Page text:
Sunday, June 17, 2012

Therapy: To continue or not to continue, that is the question

My clinical externship lasts 10 weeks, and upon its completion, I will no longer qualify for the counseling services at my school’s counseling center. My excitement about no longer being a student is also met with apprehension and mixed emotions as the end of the most intimate and helpful therapy relationship I’ve experienced rapidly approaches.

As the deadline draws nearer, I find myself reflecting more and more on the impact that these past 3 years of therapy have had on my life, as well as what it will be like to no longer meet with my current therapist and whether I will continue “talking” therapy with a new therapist.

I must admit, I am pretty anxious about having to discontinue services with my current therapist. I have never experienced anxiety about ending past therapy relationships. Usually, my experience has been quite the opposite – I couldn’t wait to get out the door!

This time is much different. Three years is a really long time, and I needed every minute of it to get to the point where I am now. The thought of attempting to develop a similar rapport with another therapist is rather exhausting and almost overwhelming to think about.

My perspective on so many things has changed since beginning therapy. Actually, I think a more accurate statement would be that I have finally begun to grant myself permission to consider my perspective on things. My value and belief systems have been there all along, but I have been closed off from them for quite some time.

My live-in therapist :)
Though I intellectually knew it wasn’t the case, I had honestly begun to feel like I was not free to be “Me” without the stamp of approval from others. I had become so accustomed to bending, remodeling, and even bulldozing my boundaries, all to accommodate the needs and desires of others, that I had almost completely lost track of what defined me.

The only way I could confidently identify myself was as a martyr for the needs of others. To say that I could no longer stand up for myself would be an understatement – I had pretty much lost all awareness of what boundaries I still possessed and whether I had any right to guard them.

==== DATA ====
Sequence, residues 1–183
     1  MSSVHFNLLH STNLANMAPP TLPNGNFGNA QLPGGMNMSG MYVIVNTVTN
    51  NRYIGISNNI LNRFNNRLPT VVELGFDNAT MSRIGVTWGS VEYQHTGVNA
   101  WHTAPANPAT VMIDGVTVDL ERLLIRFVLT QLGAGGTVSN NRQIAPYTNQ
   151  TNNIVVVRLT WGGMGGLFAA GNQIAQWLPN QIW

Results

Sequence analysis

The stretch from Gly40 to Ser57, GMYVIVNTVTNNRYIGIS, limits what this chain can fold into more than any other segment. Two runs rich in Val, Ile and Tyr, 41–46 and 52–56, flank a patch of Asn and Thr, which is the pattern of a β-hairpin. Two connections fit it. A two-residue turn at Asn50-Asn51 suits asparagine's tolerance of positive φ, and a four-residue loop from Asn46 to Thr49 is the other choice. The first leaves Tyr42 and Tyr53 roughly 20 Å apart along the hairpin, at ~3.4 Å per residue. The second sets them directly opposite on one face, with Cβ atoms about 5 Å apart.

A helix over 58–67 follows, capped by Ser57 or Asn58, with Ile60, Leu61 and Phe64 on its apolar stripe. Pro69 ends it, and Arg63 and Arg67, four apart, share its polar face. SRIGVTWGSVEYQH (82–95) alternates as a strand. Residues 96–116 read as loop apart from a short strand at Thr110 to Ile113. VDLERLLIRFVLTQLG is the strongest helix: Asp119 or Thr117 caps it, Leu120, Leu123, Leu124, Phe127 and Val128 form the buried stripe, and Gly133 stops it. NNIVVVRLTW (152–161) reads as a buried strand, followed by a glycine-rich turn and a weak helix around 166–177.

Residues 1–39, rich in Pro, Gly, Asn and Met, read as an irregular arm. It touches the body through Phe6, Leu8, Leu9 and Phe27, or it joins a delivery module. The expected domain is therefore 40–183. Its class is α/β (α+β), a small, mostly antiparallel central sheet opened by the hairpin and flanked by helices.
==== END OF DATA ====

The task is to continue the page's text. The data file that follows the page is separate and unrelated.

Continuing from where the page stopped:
When I first began therapy, I wanted to be told what to do. Honestly, I wanted to be rescued. These feelings only intensified this past year as I began to openly admit that I had internalized my experience with rape instead of dealing with it and that it was permeating my every move in the present.

Though I tried desperately to hide my desperation, even from myself, I could not help but notice the flailing hands reaching out from me in search of something to hold onto. I was drowning.

Utilizing a client-centered approach to sessions, my therapist has enabled me to see that I, and only I, hold the life preserver that will help me reach stable land. For this lesson, I will be eternally grateful.

Though I still have a great deal of work ahead of me, I am wondering if, come August, I will have the skills I need to press forward to shore without attending weekly therapy.  

Whatever I decide, I find comfort in knowing that I am in charge of whatever path I take.

In the noble words of Buddha: 

“No one saves us but ourselves. 
No one can and no one may. 
We ourselves must walk the path.”

6 comments:

  1. Amen! Martyrdom and victimhood were my best friends and worst enemies - frienemies is the term I believe and how glorious to step out of those roles and claim your life. It's hard to end a relationship that has meant so much to you but it might be a good time for you to test those wings of yours. I know the first time I took a break from the work I was doing with David, I was so scared and felt abandoned - I can smile now but now I realize that it makes sense to take breaks from the work and find how much space you can create with wondrous new relationships and discovering what you makes your heart sing. You have a wonderful support network in the Heal My PTSD community and you know the saying, a door never closes without a huge window opening. Eager to hear about your next steps and totally admire your strength and courage. Be well.

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    1. Graceful Lady, thank you so much for the encouragement! Frienemies, lol :) Your positive words and insight are really helpful. Thank you for helping me find that window :)

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  2. I should have waited till the morning to read this, now I am going to dream about E.T.

    I trust IN YOU that you will use the tools you have learned these tree years so that this up coming fork in the road will lead to YOUR path. Therapy is about tool building and like all types of construction, the building gets finished and it is just the maintenance that is left and maybe a few repairs here and there.

    All books are made up of chapters, and those chapters are made up of pages. As you are writing the last few pages of this chapter it is understandable to be anxious, but in reality flipping from 1 chapter to the next is no more than flipping o the next page. Just remember you are the author and you control the main story, just not always the details.

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    1. Jaime, are you saying that my cat looks like E.T.? Ha!

      Thank you for believing in me. It really means a lot.
      I hope you have a nice weekend (and perhaps a mini-break from work!).

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    2. Yes, your cat looks like ET. LOL

      You are welcome, and I always will.

      We are going to the gun range this weekend and blow off some steam. It will be fun.

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    3. Haha, have fun! And, thank you so much!

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